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Cookeville Police Department Names 2021 Officer of the Year, Distinguished Citizen Award

/ The Upper Cumberland's News Leader
Cookeville Police Department Names 2021 Officer of the Year, Distinguished Citizen Award

Cookeville Police Officer Andrew Gibbs named Officer of the Year for 2021.

Chief Randy Evans said the department received only one nomination, and it was somewhat unanimous across the department. At Thursday night’s Cookeville City Council meeting, Evans read memos from Gibbs’ supervisors lauding his work.

“He has proven that he can make sound decisions in stressful situations,” Evans said. “And anytime a case he is involved with comes to the forefront of some sort of controversy, he has always represented the department well.”

Another supervisor described Gibbs as a consistently high-performing officer within the department. Evans said Gibbs has shown a keen ability to go above and beyond just a call for service or making a traffic stop.

Evans said Gibbs is an asset not only to the department but to the community as a whole.

“I’ve had the opportunity to work with him just hand in hand on some things so I know he is well-deserving of that award for sure,” Gibbs said. “I’ve enjoyed working with him on many occasions, so congratulations. I appreciate everything you do for us.”

Cookeville Police also named Jamaal Thompson (JT) the department’s Distinguished Citizen Award.

“One of the goals of the Cookeville Police Department is to apply a true community-oriented policing philosophy to all services delivered to the community as well as to develop and maintain positive relationships that foster problem-solving partnerships with our law enforcement cohorts and the citizens we serve,” Evans said. “That’s exactly what JT did and continues to do every day.”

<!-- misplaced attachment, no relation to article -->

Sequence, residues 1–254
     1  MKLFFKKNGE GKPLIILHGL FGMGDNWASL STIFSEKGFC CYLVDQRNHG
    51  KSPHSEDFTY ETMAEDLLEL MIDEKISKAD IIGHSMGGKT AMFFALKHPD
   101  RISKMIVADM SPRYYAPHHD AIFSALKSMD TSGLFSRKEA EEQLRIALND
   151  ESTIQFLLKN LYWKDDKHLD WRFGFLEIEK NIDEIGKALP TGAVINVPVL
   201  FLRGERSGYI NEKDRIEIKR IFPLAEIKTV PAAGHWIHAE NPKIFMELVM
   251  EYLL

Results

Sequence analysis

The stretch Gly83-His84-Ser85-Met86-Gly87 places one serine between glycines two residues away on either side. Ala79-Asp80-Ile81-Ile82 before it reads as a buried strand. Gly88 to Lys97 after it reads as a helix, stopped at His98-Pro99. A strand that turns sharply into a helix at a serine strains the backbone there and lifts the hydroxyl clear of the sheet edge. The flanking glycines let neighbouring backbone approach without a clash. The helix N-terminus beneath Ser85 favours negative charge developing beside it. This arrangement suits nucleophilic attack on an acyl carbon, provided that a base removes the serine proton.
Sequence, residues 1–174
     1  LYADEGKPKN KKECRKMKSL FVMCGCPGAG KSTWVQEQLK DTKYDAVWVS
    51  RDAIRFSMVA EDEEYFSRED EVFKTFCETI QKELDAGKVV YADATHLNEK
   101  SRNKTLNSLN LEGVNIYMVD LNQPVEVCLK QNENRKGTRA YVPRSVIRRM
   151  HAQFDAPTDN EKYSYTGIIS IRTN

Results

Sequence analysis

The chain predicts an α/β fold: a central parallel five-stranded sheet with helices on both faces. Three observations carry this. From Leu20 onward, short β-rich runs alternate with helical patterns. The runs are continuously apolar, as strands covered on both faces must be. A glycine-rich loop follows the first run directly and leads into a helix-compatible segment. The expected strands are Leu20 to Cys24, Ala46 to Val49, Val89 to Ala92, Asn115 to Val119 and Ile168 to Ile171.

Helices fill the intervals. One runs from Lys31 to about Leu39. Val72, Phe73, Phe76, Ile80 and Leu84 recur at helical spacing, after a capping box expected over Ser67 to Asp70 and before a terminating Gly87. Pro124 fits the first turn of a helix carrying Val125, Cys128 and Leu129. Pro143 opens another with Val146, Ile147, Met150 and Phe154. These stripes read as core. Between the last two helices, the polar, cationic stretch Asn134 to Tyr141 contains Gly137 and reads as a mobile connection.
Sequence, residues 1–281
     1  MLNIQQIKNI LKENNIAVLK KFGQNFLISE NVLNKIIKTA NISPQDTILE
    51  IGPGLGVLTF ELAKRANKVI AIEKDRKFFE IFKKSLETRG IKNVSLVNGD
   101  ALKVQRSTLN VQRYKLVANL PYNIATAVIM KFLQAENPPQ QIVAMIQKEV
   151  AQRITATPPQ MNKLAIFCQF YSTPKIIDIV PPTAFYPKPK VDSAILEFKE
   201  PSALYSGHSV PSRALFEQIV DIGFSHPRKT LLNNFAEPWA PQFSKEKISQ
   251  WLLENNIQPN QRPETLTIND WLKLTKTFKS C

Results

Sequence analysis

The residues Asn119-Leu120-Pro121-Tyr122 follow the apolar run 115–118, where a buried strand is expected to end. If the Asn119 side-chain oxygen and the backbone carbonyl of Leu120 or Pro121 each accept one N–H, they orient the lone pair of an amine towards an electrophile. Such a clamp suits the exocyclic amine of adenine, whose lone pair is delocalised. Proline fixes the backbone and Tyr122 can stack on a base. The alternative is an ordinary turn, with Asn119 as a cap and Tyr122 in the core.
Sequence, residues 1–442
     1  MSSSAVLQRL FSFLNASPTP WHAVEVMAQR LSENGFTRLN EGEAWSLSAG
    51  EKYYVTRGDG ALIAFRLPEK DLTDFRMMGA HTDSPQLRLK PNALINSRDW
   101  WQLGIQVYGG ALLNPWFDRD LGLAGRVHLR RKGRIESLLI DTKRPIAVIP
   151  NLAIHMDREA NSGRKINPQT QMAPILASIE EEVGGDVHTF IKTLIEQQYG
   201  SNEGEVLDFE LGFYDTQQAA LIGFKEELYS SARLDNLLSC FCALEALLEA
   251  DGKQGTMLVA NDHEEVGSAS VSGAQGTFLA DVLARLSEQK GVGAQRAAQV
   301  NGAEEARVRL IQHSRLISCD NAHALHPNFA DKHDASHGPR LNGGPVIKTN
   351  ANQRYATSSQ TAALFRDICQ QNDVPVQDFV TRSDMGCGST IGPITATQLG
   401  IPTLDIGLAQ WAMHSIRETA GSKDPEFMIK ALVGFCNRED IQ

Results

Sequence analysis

During the onset of the pandemic, Chief Evans met JT at a meeting on the campus of Tennessee Tech. The murder of George Floyd by Minneapolis police officers earlier that year had obviously had a negative effect on the relationship between communities of color and law enforcement agencies nationwide. During later conversations with JT, there was some discussion about offering a Citizen’s Police Academy type of training program as a “for-credit” class at TTU. A goal for the class would be to specifically attract students who are culturally different from most of the members of the Cookeville Police Department and/or students from communities where the relationship with law enforcement is particularly strained.
While some might offer platitudes or sincerely mean to help without any follow through, JT took ownership of the idea and started contacting university faculty members and coaching staff to explain and promote the concept. His efforts were instrumental in the adaptation of the Service Learning in the Community class to match the paradigm that had been previously discussed. Once the first class was scheduled for the Spring Semester of 2021, JT personally contacted students (especially student-athletes) to help convince them to enroll in the class.


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